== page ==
Dad Stories

My dad is a natural storyteller, and I’ve long wanted to capture some of them on video. Finally got a chance to test the waters. Here’s a short teaser.

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Smoke, Part 1 – Daily Story Project #26

This story idea started small but as I wrote it got bigger. I’ve actually been working on it all week. It will be at least two parts, maybe three. So I’m stretching it out, rather than hurrying to finish it. Gotta listen to my muse.

His voice had never sounded so cold before. That was my first clue. Not that we had a close relationship. He ordered the drinks, I served them. But he’d been coming in on a regular basis for a couple of weeks now, every couple of nights.

Alone, which wasn’t unusual for a customer in a titty bar. Particularly a male one.

“May I get a Seven and Seven?” he asked. He did not lean on the bar, his hands were at his side, and he did not lean down to look under the hanging glasses and mugs that obscured vision of me behind the bar, in spite of his height.

“Sure,” I said, and I started putting his drink together. While I poured, I nodded towards him. “Welcome back.”

“Oh. Thank you.” His hand went up abruptly, then stopped, then went towards his back pocket to pull out his wallet, which looked shiny and brand new. For that matter, he was dressed in what appeared to be a completely new outfit, head to toe: a simple gray trilby with a red silk hat band, dark colored button shirt still starched and creased from the package, a dark gray wool vest, loose fit black jeans held with an uncreased leather belt, and long-pointed toe shoes.

“You’ve made a good impression, man.” I said. With a flourish I spun a cocktail napkin onto the bar, then set the drink on top and slid it across to him. A little hippy-hippy shake is good for tips. “I’m Leo.” I held out my hand. He ignored it, dropping three twenties on the bar and sliding his drink closer.

“Some ones, please.”

“Right.” OK, then. I made change for him, accepted his tip (he gave me $1.50 on a $6.50 drink) and promptly forgot about him.

Business was steady but not spectacular, but enough to keep me moving for a while. It was still early, just around 9 PM when the dancers had a shift change; the four swing shift girls leaving as they danced their last sets, the six closing shift dancers straggling in, dragging their bags of makeup, dancing wear, shoes and who knows what else in, or having the bouncers drag them in for them, disappearing up the stairs behind the bar in street clothes, descending in lingerie or bikinis, made up to the nines.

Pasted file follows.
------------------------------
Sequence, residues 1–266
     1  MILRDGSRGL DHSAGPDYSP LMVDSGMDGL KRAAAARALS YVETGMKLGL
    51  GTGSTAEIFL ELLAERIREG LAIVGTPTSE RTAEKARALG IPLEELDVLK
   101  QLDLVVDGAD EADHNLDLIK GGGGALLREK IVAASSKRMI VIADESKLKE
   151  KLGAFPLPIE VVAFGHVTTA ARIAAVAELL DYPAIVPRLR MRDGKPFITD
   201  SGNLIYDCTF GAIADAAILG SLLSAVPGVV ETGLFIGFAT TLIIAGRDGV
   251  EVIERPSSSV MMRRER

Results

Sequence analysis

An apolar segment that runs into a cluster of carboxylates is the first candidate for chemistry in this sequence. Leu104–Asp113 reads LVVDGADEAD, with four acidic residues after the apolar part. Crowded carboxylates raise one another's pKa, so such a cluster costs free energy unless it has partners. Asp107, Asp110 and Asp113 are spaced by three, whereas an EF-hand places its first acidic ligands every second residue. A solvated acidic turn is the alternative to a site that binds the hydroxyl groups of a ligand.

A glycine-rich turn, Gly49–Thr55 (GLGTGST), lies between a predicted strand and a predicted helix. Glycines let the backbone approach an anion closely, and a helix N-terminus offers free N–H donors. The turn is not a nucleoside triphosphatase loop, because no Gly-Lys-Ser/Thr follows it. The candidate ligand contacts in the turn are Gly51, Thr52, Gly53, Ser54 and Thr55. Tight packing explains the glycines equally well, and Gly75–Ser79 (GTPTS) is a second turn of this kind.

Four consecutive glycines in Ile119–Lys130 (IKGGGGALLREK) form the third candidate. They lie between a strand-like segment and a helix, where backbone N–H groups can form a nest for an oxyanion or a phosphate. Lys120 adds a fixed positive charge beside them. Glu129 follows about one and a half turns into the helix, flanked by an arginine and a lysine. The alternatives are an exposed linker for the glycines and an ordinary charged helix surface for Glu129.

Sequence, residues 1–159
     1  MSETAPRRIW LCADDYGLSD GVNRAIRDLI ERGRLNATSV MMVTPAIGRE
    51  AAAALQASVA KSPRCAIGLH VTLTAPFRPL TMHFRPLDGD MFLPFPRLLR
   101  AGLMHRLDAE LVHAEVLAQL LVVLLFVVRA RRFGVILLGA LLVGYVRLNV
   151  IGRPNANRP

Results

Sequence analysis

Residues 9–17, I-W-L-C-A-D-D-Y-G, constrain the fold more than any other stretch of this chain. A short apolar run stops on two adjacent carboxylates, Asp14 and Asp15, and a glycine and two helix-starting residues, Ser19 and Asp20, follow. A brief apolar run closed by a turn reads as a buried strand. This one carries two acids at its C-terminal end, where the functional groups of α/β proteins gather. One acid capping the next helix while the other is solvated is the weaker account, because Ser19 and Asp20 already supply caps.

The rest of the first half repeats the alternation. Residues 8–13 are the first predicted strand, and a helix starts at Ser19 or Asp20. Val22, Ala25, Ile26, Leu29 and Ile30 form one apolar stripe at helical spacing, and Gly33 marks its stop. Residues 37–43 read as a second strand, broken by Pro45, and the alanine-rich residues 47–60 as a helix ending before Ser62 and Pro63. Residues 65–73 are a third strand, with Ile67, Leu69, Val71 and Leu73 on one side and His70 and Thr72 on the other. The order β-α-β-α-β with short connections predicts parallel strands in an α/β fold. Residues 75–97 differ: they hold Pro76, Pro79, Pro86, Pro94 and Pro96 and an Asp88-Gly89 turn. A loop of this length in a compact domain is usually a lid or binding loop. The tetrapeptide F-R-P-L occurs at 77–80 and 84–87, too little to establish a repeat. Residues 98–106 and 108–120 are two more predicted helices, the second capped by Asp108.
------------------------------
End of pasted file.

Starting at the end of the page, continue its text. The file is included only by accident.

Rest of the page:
By the time the final pair of night shift girls took their respective stages, the stream of customers to the bar, and the constant pop of waitresses trading orders for drinks, had slowed a bit, and I was able to look around the room and catch my breath. I really wanted a smoke, too. “Hey, watch the bar for a minute,” I asked Cecelia, the main stage waitress.

“Ugh,” she said, because she’s an ex-smoker, but she flipped up the gate and came back behind the bar. I grabbed a jacket, made sure my cigs were in there, and went out through the kitchen.

It was a bit chilly for early summer. I lit one up and then walked around the building to the front door. I wanted company. There was an awning that was technically 25 feet from the entrance, although the way the building was situated, with the freeway so close, smoke often got blown inside just from the traffic. It was annoying, even to me: I thought of myself as a considerate smoker. I didn’t want to make trouble for people who lacked my addiction.

Under the awning was a picnic table, and in the dim light I could see a tiny person in a long black trenchcoat sitting on top of the table, her face orange from the glow of the cherry on her cigarette. “Hey, Jamie,” I said.

She scowled but softly. “Good thing there’s no custies out here.”

“Oh, right,” I said. “I mean Hey, Saffron.”

“Sapphire,” she corrected me. She had the coat bundled around her pretty tight. She was probably wearing next to nothing under it.

“Did you change it?”

“No, it’s always been Sapphire. Because of my blue eyes.” She fluttered her lashes at me, laughing and taking a drag.

“Gotcha. So what’s happening tonight? Anything good? Too early to tell?”

“It’s dead, but I’ve only been on stage once. There’s a strange one, though. Tall thin guy, dark hair. Giving me the eye.”

“Oh, him. He’s been coming in, couple of times a week, for a couple of weeks. He’s not being too weird, is he?”

“He’s the only one tipping me, and he was tipping a couple of bucks a song. Not weird. But quiet. Respectful.” She got up, stepping down to the ground and dropping her cigarette into the gravel and crushing it with her clear plastic 9″ heels in a smooth motion. “He’s been paying me a lot of attention. Was here last time I worked, too.” She patted my cheek. “You’re cute when you get all big brother-y. He’s cute, too, but in an intense kind of way.”

“Let the guys know if he shows any sign of trouble, Saff,” I said.

She walked away back into the club. The bouncer opened and held the door for her, introducing a blast of music that soared above the passing cars.

I finished my smoke, tossing the butt in the coffee can on the table, and spent a minute picking up other butts and trash, then walked back around the building to the kitchen door.

Like the Cake Song – Daily Story Project #25

A return to the fictional Portland that lives in my head, and is exactly like the real one I’ve lived in almost my entire life.